Before everything else, let the master of novices teach them and assiduously recommend to them that they totally fulfill the precept about the love of God and neighbor which stands at the head of the Rule . . .
The Constitutions of the Second Order also emphasize personal holiness: “The Nuns of the Sacred Order of Preachers . . . strive after Christian perfection.” It is only then that their apostolic work is mentioned: “. . . and by means of that perfection, implore for the labors of their brethren abundant fruit in holiness.” The Constitutions of the Third Order are even more explicit:
The Order of our holy father St. Dominic was instituted for the sanctification of its members and the salvation of souls. The principal and essential end of our congregation is, then, the personal sanctification of the sisters.
Their Constitutions immediately link this primary aim to the apostolate. “The secondary or special end is the education of Catholic youth, care of orphans, the nursing of the sick, or the conducting of retreat houses.” Personal holiness is the source of the apostolate. A saintly life clears away the obstacles obstructing the graces needed for working among souls.
The means St. Dominic gave his children to make them apostles are identical with those that make them holy. This was to be expected, for the two ends are but one. The charity which leads the Dominican to seek union with God, prompts him to love his neighbor and work for his salvation. The means established by our holy Founder are, first, the vows of religion and the community life. Then come the liturgy, other prayers, monastic observances: fasts, abstinence, silence, and all the practices which Rule, Constitutions, and custom impose. These means fill their double purpose, sanctifying the member and preparing for the apostolate. Prayers implore God’s mercy, make reparation, and beg graces for sinners. When the Dominican steps from the sanctuary, choir, or cloister into the ministry, he has already prepared the way.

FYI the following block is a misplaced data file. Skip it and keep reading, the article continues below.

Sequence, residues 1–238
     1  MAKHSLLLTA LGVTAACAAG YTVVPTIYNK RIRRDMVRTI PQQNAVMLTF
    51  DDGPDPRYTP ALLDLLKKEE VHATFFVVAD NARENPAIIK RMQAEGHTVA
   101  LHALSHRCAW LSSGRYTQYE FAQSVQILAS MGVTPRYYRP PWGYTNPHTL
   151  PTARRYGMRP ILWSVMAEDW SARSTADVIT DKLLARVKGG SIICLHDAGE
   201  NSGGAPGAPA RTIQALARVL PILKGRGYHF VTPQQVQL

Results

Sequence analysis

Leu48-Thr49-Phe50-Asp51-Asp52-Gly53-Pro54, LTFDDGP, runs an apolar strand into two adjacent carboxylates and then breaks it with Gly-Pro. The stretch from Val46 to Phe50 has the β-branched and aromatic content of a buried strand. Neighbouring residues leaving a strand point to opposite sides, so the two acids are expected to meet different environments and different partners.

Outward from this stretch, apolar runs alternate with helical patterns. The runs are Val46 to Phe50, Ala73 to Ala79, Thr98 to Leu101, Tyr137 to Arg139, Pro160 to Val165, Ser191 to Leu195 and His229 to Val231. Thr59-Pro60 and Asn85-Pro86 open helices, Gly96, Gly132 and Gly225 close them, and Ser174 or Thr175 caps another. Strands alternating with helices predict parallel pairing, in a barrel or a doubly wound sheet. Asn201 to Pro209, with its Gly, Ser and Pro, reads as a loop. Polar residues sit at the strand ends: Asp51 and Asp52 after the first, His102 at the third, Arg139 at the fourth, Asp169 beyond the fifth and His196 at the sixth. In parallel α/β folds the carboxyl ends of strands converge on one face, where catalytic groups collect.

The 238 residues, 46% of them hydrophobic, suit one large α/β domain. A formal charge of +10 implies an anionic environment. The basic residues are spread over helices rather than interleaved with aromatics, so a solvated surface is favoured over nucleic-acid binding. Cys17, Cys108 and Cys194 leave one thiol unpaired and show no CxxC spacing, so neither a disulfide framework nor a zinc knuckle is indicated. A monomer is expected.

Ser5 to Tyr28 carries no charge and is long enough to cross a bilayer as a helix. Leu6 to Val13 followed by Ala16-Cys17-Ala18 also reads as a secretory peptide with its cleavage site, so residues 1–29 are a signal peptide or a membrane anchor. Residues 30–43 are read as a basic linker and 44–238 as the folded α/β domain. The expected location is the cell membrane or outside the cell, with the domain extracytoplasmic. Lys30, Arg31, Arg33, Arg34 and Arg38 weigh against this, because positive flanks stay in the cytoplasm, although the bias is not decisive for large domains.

The means established by the Order enable the friar to help souls by living a sacrificial life. He imitates St. Dominic who offered himself through his vows as a holocaust, giving himself to be consumed completely in the Divine service. He continued to sacrifice himself daily by utmost fidelity to the observances of his religious life. After he became an apostle, he prized the observances not only for their sacrificial quality but also for their apostolic value. During his entire life as a preacher, he did his utmost to carry the recollection of the cloister with him, fulfilling as far as possible the monastic duties of his state, keeping the silence, reciting the canonical hours at the prescribed times, praying long into the night after his preaching day was done.
But even though the Order’s contemplative and apostolic lives are so well integrated, it is difficult under the hectic conditions of the twentieth century to carry the spirit of contemplation into the apostolate. Dominican sisters especially are making exceptional sacrifices to bear their heavy load of teaching. They give a considerable part of their day to classes, cutting deeply into their time for the community and prayer. They teach all day, have meetings, debates, plays. Then they come back to their convent and begin preparations for the next day. If only the load could be lightened — fewer classes, fewer extraneous activities, so there would not be so much rushing so little time for silence and solitude.
St. Catherine of Siena, the special patroness of Dominican sisters, has taught them how to overcome this difficulty and preserve their recollection. When her family deprived her of her room and made her “do all the menial work in the kitchen,” they took away both the time and place for prayer and meditation. Raymond of Capua relates how she solved her problem: